Becoming a Skilled Consumer of Research

January 6, 2015
8:30 ? Noon
at the
International Congress for School Effectiveness and Improvement
ICSEI 2015
Cincinnati, Ohio

Presented by REL Midwest

Shazia R. Miller - Managing Director, American Institutes for Research

Jeanne Poduska - Managing Director, American Institutes for Research

Cary Cuccio - Managing Technical Assistant Consultant, American Institutes for Research


As educators are increasingly called on to ensure that their decisions, programs, and strategies are ?data-driven,? ?research-based,? and ?evidence-based,? this interactive session is designed to provide tools and skills to help those in educational settings to be informed consumers of research. The specific objectives of the workshop are to: provide practitioners with a strategy for identifying core issues; increase attendees? ability to explain the basic criteria for judging the quality of research and assessing its context; increase attendees? ability to apply the criteria to real-world information and judge quality and relevance of research; and provide attendees with simple tools to support their efforts to use research-based practices.

This workshop is designed to speak specifically to the practical needs of local and state education stakeholders?that is, the need for strategies to tightly frame their questions, find relevant documents, recognize the attributes of strong research, and sort through issues of context.

The educational research community aims to produce high-quality research that supports educators? ability to make research-based decisions. Yet the sheer amount of research that is available?not to mention the wide range of quality?makes it difficult for educational leaders to apply what is learned through research toward improving practice. The volume of literature housed in the Education Resources Information Center database (ERIC), just one possible source of information, now exceeds 1 million articles. How is a busy educational leader to make sense of all of that information? This interactive session is designed to provide tools and skills for those in educational settings to become informed consumers of research.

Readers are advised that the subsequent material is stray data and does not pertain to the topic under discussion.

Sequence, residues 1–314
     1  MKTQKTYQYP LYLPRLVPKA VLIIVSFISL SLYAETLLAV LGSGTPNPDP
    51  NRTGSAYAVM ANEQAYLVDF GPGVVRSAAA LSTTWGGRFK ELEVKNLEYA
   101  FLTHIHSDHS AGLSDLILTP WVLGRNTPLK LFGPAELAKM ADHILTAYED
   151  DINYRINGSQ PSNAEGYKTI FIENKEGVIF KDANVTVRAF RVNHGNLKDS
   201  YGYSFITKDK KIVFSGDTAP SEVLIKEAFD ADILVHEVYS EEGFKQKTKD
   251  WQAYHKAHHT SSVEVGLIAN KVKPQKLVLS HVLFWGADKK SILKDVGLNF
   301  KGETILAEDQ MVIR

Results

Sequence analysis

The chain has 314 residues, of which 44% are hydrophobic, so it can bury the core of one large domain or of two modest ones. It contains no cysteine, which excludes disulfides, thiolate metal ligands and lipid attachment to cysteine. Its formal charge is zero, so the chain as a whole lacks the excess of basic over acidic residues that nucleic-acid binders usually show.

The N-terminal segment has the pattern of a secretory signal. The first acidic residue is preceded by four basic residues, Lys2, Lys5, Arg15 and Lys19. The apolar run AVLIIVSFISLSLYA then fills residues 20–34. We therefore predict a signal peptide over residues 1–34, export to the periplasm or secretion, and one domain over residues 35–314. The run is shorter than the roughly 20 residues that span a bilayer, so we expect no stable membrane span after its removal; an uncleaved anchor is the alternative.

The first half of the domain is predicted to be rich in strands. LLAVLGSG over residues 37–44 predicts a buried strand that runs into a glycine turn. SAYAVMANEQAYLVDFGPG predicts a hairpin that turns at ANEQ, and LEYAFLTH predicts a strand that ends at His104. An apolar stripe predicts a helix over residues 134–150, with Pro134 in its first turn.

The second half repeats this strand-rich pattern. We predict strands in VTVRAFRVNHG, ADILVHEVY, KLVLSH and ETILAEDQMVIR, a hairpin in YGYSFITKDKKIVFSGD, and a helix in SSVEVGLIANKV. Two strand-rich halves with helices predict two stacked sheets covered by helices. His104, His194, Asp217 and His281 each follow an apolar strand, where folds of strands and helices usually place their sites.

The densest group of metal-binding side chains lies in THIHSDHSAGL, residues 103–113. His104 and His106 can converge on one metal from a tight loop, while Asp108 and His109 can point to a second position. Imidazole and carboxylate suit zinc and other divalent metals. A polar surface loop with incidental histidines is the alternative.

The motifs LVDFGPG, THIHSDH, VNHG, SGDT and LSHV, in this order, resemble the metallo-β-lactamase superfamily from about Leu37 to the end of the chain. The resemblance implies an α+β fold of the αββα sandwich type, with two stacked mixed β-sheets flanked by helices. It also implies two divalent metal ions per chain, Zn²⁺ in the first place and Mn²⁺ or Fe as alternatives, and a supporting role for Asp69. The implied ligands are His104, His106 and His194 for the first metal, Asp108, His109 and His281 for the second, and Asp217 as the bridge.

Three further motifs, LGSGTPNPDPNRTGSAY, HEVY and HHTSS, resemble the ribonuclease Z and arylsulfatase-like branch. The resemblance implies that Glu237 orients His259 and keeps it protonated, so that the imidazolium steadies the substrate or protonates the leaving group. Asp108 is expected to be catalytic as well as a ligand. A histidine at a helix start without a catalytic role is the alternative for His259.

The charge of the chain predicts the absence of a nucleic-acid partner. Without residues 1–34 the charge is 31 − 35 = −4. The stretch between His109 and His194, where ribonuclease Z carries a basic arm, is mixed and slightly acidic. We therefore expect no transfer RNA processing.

More and more, district and school leaders are required to use research-based interventions and strategies, as well as cite them, in school improvement plans. Many of the leaders are not yet trained to determine the quality of the research or whether the research is applicable to specific settings. With the strong emphasis on using research-based practices, this workshop will help school and district leaders better able to identify useful, high-quality research.

Materials have been developed to support a comprehensive in-person. The workshop format will consist of presentations, participant activities, and group discussions. The objectives of the workshop are to:

  1. provide practitioners with a strategy for identifying problem causes;

  2. increase participants? ability to identify and evaluate sources of research; and

  3. enhance practitioners? ability to assess the strengths and weaknesses of individual pieces of research.

Workshop presentation materials will be provided to the trainees to use during the sessions, and additional materials will be organized as a useful resource guide to consult in the future.

The staff members for this project are senior leaders within American Institutes for Research (AIR), with extensive expertise in the use of a range of rigorous research methods and supporting research-driven changes for practitioners.

The specific content covered in the workshop will focus on the topic of school climate, an issue of particular interest to REL Midwest constituents and members of ICSEI. We will draw from the principles of research quality as described by What Works Clearinghouse (IES); National Registry of Evidence-Based Programs and Practices (Substance Abuse and Mental Health Services Administration); Crime Solutions (Office of Justice Programs); and Shadish, Cook, and Campbell (2002).

The workshop will be presented according to best practices in adult leaning and presenting as drawn from Knowles, Holton, and Swanson, (2012) and Zoller and Landry (2010). Workshop materials will cover the following topic areas:

  1. Introduction?Participants will be grouped into tables of elementary, middle, and high school, and urban, rural, and suburban, with accommodations made to ensure that there are between four and eight people in each group. Clustering groups will give them a common frame of reference in the group activities. The workshop will begin with introductions, the goals of the session, and the agenda for the workshop. (15 minutes).